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Simple Partial Differential Equation

  1. Oct 12, 2014 #1
    1. The problem statement, all variables and given/known data
    This is actually an electromagnetism problem but all the physics is done, I just don't remember how to solve the PDE:
    [itex]\frac{d^2V}{dr^2}=-\frac{2}{r}\frac{dV}{dr}[/itex]
    The d's should be del's, just don't know how to do that...

    2. Relevant equations

    Not sure.

    3. The attempt at a solution

    Don't know where to start.
     
  2. jcsd
  3. Oct 12, 2014 #2

    Dick

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    There are no other independent variables in the problem besides r. Assume V can be written as a product of functions of all the independent variables. I.e. it's separable. V(r)=u(r)*v(theta)*w(phi). The treat it as an ODE. Do you remember those? I would try putting dV/dr=u(r) and separating variables.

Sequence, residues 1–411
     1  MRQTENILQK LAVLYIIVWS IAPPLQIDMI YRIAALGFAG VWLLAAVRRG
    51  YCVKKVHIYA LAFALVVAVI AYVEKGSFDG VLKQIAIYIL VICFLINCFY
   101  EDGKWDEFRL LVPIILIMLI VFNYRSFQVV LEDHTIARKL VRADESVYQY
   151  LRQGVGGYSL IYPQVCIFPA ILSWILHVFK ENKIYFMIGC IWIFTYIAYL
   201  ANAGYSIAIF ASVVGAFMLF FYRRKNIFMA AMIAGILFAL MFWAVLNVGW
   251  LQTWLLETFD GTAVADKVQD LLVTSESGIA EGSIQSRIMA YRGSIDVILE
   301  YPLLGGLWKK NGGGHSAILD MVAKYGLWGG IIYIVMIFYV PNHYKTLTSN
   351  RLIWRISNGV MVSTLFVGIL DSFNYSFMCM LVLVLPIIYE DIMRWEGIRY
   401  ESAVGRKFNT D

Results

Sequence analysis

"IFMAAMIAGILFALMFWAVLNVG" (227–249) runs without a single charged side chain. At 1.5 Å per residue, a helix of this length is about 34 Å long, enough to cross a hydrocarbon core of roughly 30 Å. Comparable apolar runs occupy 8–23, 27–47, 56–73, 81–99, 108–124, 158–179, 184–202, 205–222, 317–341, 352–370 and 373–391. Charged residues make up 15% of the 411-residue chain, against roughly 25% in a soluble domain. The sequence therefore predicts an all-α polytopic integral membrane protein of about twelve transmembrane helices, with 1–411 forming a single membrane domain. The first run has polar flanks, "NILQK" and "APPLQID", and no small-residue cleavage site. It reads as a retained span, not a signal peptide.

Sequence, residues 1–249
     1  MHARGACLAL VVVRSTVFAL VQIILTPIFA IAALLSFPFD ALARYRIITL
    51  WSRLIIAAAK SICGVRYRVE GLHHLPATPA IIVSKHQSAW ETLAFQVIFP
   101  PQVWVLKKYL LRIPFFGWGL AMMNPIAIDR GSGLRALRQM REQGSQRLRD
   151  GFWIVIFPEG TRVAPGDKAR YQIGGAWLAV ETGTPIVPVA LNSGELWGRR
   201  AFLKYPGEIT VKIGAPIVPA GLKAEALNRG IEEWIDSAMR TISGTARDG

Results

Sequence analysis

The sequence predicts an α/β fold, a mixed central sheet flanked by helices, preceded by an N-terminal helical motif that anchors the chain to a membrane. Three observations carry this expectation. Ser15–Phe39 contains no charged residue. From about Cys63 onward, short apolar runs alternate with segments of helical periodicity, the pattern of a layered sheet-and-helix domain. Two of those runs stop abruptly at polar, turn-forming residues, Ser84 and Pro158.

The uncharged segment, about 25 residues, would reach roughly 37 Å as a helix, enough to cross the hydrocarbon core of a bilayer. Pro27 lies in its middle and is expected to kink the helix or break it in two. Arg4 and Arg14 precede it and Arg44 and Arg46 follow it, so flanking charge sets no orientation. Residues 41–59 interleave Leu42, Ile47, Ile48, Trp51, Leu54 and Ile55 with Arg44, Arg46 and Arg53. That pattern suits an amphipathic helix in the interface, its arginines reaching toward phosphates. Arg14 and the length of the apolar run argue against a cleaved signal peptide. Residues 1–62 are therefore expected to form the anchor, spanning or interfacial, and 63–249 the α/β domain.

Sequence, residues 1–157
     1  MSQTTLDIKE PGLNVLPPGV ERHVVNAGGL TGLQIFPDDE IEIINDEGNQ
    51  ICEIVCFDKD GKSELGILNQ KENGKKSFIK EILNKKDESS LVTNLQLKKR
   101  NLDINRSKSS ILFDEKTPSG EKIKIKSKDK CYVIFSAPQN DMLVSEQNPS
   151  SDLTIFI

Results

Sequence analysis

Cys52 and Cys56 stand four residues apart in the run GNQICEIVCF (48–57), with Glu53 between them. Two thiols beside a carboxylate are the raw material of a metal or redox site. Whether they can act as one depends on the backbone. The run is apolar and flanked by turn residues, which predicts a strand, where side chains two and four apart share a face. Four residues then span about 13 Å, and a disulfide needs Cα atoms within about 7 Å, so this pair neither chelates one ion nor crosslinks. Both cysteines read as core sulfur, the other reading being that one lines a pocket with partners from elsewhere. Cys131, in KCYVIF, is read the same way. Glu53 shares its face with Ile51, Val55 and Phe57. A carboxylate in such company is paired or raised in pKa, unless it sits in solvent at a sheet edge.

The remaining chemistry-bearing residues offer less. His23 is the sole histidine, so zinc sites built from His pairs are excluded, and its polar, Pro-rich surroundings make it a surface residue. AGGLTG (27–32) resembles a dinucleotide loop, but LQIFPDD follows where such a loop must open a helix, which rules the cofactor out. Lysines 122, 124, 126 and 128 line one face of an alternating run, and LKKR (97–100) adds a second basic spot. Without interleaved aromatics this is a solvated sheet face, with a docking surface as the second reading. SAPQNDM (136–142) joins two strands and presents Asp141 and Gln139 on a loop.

Last edited: Oct 12, 2014
  4. Oct 12, 2014 #3
    Ahh I think that's just what I needed. So

    [itex]V_{rr}=-k^2u(r)[/itex] where k=sqrt{2/r}
    [itex]u(r)=Ae^{ikr}+Be^{-ikr}[/itex]
    [itex]V(r)=\frac{-iA}{k}e^{ikr}+\frac{iB}{k}e^{-ikr}[/itex]
    then sub in for k

    Is that correct?
     
  5. Oct 12, 2014 #4

    Dick

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    Not really. If u(r)=dV/dr then the equation becomes du/dr=(-2/r)u. Doesn't it? Solve that.
     
  6. Oct 12, 2014 #5
    Ahh, I'm an idiot. [itex]u=r^{-2}[/itex]

    Thanks Dick!
     
  7. Oct 12, 2014 #6

    Dick

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    You're welcome but don't forget the arbitrary constant when you integrate.
     
  8. Oct 12, 2014 #7

    Ray Vickson

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    Note that
    [tex] \frac{d}{dr}\left( r^k \frac{dF(r)}{dr} \right) = r^k \frac{d^2F(r)}{dr^2}+ k r^{k-1} \frac{dF(r)}{dr}[/tex]
    Can you see how that fact helps?
     
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